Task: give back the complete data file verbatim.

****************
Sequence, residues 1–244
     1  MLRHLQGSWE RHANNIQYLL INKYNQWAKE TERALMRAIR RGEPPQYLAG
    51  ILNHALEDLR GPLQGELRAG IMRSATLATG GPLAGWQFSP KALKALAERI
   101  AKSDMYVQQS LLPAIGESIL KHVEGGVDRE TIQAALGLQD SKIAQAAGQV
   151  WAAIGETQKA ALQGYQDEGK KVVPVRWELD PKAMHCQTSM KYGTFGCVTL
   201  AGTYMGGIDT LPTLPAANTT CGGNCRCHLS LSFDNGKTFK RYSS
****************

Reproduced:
Sequence, residues 1–244
     1  MLRHLQGSWE RHANNIQYLL INKYNQWAKE TERALMRAIR RGEPPQYLAG
    51  ILNHALEDLR GPLQGELRAG IMRSATLATG GPLAGWQFSP KALKALAERI
   101  AKSDMYVQQS LLPAIGESIL KHVEGGVDRE TIQAALGLQD SKIAQAAGQV
   151  WAAIGETQKA ALQGYQDEGK KVVPVRWELD PKAMHCQTSM KYGTFGCVTL
   201  AGTYMGGIDT LPTLPAANTT CGGNCRCHLS LSFDNGKTFK RYSS